The glue that holds the PC together and allows everything to talk to each other. If you want an information overload, look at the specs on one of these. The Asus p8P67 Deluxe is a Cadillac of a motherboard equipped with it all. But what things should we all check in depth? Well for starters, do you plan on using any new USB 3.0 devices. If so, you want to make sure that the board has some USB 3.0 compatible slots, otherwise you will be running your new expensive device at the slower 2.0 speeds. Also, how many USB ports will you need? Next, what type of HDD are you going to use? If a new SATA 6.0, better make sure you have SATA III ports or see the USB issue for details on how that will go. Most video cards are PCI Express x 16, just notice if the video card you are buying can suBopport the newer 2.0 or 3.0 and you will gain a little extra in video performance. The CPU socket type is for what style Processor can fit into the motherboard. The CPU type is for what model processors in the socket type family it can use. Do you need onboard HD audio or do you plan on getting a sound card? Do you need eSATA, firewire, LAN, or PS/2 ports? All that can be found in the spec sheet as well. Time to see what RAM your board can support. This one states 2200 down to 1066MHz of DDR3 with a max of 32GB and 4 total slots to install it into. You can use the above memory info to choose how and what size you will install. Finally, the Form Factor designates what size the board is physically and what cases it can fit into. ATX, micro ATX, or form factor. This is important so you don’t get too big of a motherboard for your case.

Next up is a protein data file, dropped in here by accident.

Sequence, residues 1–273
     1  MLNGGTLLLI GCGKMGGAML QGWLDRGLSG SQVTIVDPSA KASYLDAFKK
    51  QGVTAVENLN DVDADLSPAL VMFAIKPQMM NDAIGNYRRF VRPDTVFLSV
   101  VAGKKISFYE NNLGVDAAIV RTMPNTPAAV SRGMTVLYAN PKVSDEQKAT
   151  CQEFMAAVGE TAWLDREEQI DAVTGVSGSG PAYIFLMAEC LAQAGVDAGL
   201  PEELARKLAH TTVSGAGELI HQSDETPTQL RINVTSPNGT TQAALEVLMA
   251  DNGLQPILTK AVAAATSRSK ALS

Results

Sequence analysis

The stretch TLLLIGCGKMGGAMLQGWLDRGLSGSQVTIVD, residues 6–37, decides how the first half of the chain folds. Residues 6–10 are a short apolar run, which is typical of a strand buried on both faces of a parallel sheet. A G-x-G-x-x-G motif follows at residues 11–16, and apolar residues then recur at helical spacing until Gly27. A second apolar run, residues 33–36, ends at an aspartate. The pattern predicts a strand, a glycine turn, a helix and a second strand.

When purchasing a quality motherboard, once again the main name brands usually come out on top. Asus and Gigabyte are the front runners when it comes to overall quality while if Im building a cheap PC, I am also fond of Biostar but they do have less quality control then the other two.
One thing I’ll never understand is why you would drop a lot of money on an expensive video card, RAM and processor if you are going to stick it in a $45 motherboard. You wont be able to use the others to their full potential if the board is holding them back.
Hardware Buyer’s Guide Summary
The examples given in this article are just for viewing and comparison only. I didn’t pick out parts that are made to be used in a single build which is evident by the AMD processor and the Intel socketed motherboard. Just to make sure no one takes the example pieces and tries to make a PC out of them collectively. Each of the parts to your new or used build needs to be analyzed deeply to check for compatibility and to make sure you are getting the most performance out of your parts. Anyone can throw parts together and hope it works as we have seen but it takes some diligence on the builders part to know it all will function together happily for many years. Try staying away from the cheapest parts available as they are cheap for a reason. Always do some background searching on the parts you are looking to buy to make sure there isn’t an outstanding issue with it. Look deeper than the Newegg reviews as most of them are posted by people with little actual tech experience. Check on the manufacturer’s site and Google or Bing your way around to see if there is a common issue.
If you have learned anything from this lengthy article, let it be that preparation goes a long way into keeping out hassles and limiting the amount of troubleshooting you will need to do on a new build. Now go out there and build you a beast!